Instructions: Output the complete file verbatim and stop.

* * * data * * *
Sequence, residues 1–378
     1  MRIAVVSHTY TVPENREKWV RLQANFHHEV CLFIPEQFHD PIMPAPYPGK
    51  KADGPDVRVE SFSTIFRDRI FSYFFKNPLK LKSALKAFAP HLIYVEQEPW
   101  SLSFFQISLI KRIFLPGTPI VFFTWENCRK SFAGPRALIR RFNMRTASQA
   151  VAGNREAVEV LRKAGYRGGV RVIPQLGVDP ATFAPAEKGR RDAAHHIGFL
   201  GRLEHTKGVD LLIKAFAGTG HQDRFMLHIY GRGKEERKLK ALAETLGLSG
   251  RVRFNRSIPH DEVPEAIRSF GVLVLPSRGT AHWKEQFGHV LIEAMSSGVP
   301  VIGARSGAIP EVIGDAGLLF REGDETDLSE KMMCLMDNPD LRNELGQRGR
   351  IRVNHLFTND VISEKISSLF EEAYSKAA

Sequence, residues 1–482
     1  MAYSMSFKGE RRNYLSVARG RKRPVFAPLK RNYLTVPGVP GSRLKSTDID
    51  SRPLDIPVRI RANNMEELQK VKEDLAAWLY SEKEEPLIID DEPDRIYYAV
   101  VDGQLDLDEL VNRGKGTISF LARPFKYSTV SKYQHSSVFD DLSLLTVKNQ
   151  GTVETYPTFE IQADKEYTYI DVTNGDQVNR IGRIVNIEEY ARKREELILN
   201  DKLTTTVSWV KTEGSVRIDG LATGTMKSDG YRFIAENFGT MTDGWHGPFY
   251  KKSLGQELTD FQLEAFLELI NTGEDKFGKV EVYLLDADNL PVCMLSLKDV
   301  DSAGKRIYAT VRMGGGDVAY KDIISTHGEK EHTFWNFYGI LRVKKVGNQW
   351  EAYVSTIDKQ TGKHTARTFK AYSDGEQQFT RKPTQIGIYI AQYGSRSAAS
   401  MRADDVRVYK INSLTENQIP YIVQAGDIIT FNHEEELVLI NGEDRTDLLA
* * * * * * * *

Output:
Sequence, residues 1–378
     1  MRIAVVSHTY TVPENREKWV RLQANFHHEV CLFIPEQFHD PIMPAPYPGK
    51  KADGPDVRVE SFSTIFRDRI FSYFFKNPLK LKSALKAFAP HLIYVEQEPW
   101  SLSFFQISLI KRIFLPGTPI VFFTWENCRK SFAGPRALIR RFNMRTASQA
   151  VAGNREAVEV LRKAGYRGGV RVIPQLGVDP ATFAPAEKGR RDAAHHIGFL
   201  GRLEHTKGVD LLIKAFAGTG HQDRFMLHIY GRGKEERKLK ALAETLGLSG
   251  RVRFNRSIPH DEVPEAIRSF GVLVLPSRGT AHWKEQFGHV LIEAMSSGVP
   301  VIGARSGAIP EVIGDAGLLF REGDETDLSE KMMCLMDNPD LRNELGQRGR
   351  IRVNHLFTND VISEKISSLF EEAYSKAA

Sequence, residues 1–482
     1  MAYSMSFKGE RRNYLSVARG RKRPVFAPLK RNYLTVPGVP GSRLKSTDID
    51  SRPLDIPVRI RANNMEELQK VKEDLAAWLY SEKEEPLIID DEPDRIYYAV
   101  VDGQLDLDEL VNRGKGTISF LARPFKYSTV SKYQHSSVFD DLSLLTVKNQ
   151  GTVETYPTFE IQADKEYTYI DVTNGDQVNR IGRIVNIEEY ARKREELILN
   201  DKLTTTVSWV KTEGSVRIDG LATGTMKSDG YRFIAENFGT MTDGWHGPFY
   251  KKSLGQELTD FQLEAFLELI NTGEDKFGKV EVYLLDADNL PVCMLSLKDV
   301  DSAGKRIYAT VRMGGGDVAY KDIISTHGEK EHTFWNFYGI LRVKKVGNQW
   351  EAYVSTIDKQ TGKHTARTFK AYSDGEQQFT RKPTQIGIYI AQYGSRSAAS
   401  MRADDVRVYK INSLTENQIP YIVQAGDIIT FNHEEELVLI NGEDRTDLLA